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4 milestones to reach before raising your Series A

While seed funding is more abundant than ever (the number of seed-funded companies has quadrupled in the last four years), Series A funding is actually harder to get than it used to be. With a super-abundance of competent seed-funded companies, investors can afford to get choosy about their Series A bets.

Many companies want to raise their Series A before they're ready, but coming unprepared to such a competitive space can be detrimental to your company's future funding prospects or even harmful to your reputation. Investors who might have taken your business seriously six months down the road will write you off as someone who doesn’t take being prepared seriously. While there are few hard and fast rules about when to raise a Series A, there are milestones that will help you demonstrate to your future investors that you have traction and a road to profitability. Let’s take a look at four of the biggest indicators that your company is ready to seek its Series A.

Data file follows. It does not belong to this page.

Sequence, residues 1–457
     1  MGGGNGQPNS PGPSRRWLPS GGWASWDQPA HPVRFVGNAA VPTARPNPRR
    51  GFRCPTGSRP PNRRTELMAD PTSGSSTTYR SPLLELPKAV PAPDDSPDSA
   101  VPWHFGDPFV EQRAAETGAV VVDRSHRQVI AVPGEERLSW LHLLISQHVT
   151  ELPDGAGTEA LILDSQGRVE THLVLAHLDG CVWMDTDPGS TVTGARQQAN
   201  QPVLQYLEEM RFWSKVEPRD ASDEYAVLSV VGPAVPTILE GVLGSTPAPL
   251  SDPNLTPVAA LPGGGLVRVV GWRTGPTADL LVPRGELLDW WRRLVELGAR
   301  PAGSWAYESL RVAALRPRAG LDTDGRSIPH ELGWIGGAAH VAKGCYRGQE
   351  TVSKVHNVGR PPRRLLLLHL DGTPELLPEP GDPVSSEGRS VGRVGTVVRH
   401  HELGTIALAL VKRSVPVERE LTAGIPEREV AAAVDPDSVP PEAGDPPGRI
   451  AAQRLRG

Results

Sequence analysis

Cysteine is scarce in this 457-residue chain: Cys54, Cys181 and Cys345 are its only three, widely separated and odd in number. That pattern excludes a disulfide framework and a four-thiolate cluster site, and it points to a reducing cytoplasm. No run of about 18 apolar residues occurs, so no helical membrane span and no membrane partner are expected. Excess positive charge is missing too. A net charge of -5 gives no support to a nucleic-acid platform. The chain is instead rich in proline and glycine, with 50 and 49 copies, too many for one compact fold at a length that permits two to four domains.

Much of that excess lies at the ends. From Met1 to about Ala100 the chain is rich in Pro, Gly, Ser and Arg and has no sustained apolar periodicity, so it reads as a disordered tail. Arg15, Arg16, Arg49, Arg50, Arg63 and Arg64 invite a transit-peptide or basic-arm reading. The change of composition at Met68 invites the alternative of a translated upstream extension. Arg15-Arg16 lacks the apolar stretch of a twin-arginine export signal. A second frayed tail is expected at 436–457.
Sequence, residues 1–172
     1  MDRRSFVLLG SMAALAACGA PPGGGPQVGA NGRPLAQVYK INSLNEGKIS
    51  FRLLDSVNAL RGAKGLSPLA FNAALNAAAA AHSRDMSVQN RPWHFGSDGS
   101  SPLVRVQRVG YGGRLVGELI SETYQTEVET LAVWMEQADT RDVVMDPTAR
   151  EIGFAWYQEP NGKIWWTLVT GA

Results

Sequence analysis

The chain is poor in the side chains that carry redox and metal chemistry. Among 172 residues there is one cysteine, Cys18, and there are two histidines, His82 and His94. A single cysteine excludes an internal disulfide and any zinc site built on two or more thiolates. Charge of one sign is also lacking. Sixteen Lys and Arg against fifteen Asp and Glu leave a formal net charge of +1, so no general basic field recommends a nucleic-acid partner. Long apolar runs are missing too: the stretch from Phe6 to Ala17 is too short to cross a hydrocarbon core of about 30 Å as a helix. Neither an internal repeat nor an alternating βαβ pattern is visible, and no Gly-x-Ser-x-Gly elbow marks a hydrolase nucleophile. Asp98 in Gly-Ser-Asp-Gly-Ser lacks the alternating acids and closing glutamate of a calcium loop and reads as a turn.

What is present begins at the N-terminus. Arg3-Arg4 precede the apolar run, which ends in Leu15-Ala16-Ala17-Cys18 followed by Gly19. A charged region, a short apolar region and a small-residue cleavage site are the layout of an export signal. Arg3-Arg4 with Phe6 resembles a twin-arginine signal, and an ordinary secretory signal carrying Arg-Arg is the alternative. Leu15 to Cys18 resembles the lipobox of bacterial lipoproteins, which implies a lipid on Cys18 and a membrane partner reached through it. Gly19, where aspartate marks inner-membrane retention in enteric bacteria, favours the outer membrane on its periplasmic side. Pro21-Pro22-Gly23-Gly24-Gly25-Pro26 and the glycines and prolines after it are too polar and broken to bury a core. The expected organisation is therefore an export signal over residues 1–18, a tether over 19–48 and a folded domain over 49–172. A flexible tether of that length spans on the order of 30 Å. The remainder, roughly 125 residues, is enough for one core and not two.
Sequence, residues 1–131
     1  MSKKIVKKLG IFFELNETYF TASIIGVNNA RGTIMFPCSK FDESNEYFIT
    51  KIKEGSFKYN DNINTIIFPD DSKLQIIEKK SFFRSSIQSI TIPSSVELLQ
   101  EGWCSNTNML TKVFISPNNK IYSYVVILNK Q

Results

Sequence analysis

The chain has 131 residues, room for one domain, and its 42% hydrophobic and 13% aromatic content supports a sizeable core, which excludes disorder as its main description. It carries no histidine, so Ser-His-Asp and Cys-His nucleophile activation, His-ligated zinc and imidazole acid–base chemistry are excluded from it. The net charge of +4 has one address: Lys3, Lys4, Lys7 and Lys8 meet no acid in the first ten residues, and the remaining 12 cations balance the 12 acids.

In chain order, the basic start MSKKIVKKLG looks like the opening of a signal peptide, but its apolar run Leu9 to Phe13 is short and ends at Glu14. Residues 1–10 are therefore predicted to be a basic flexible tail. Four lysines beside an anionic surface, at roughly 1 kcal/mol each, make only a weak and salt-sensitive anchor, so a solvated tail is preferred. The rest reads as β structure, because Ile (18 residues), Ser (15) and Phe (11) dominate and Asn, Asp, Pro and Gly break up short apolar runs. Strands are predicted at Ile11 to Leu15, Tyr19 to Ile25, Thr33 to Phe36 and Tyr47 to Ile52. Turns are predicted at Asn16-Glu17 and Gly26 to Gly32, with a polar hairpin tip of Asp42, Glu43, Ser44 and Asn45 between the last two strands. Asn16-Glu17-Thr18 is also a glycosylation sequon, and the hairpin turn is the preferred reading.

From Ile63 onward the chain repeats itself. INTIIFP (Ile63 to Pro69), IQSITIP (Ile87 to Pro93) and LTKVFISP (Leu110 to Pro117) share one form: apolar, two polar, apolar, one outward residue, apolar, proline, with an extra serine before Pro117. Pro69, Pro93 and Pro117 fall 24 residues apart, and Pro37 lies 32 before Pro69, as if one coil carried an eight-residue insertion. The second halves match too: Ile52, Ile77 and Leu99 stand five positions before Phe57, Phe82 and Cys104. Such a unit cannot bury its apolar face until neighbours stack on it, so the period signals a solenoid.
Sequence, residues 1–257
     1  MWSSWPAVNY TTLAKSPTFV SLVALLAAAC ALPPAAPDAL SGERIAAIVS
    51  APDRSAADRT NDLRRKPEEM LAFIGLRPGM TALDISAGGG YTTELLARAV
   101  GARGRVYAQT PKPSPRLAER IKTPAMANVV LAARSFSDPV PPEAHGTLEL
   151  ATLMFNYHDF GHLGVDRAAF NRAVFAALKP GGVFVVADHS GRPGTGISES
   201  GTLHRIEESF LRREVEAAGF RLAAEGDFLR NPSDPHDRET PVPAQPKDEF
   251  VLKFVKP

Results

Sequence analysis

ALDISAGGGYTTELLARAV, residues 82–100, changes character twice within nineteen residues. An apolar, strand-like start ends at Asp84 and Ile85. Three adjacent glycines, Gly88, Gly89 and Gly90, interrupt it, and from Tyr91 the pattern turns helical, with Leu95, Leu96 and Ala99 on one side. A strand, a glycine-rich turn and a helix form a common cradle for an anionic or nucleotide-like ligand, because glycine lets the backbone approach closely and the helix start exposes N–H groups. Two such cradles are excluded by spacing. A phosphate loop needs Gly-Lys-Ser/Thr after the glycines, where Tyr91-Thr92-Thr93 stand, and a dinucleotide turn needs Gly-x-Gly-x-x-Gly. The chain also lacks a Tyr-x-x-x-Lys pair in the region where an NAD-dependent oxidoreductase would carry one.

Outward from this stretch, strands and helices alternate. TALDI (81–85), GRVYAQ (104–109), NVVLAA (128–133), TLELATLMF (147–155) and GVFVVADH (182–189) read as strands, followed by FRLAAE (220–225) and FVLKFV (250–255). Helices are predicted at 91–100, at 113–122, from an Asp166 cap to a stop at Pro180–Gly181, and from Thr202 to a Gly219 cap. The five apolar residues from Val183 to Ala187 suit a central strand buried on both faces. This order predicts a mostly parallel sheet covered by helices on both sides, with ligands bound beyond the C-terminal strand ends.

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6 bootstrapping strategies from CEOs who made it to $100M ARR

In the world of tech startups, bootstrapping has a special cachet. Bootstrapped companies that make it big—say, to $100M ARR—without relying on venture capital or angel investors are looked on with something like awe. (Note that relying is the key word here--some boostrappers may take VC money, but only after they don’t truly need it.)